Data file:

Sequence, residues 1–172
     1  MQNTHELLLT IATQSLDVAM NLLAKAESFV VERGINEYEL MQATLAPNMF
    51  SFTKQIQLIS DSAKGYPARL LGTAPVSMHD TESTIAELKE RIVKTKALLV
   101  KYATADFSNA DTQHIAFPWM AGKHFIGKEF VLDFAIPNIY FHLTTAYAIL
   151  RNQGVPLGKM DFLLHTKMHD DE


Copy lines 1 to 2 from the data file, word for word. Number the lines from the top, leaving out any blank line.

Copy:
Sequence, residues 1–172
     1  MQNTHELLLT IATQSLDVAM NLLAKAESFV VERGINEYEL MQATLAPNMF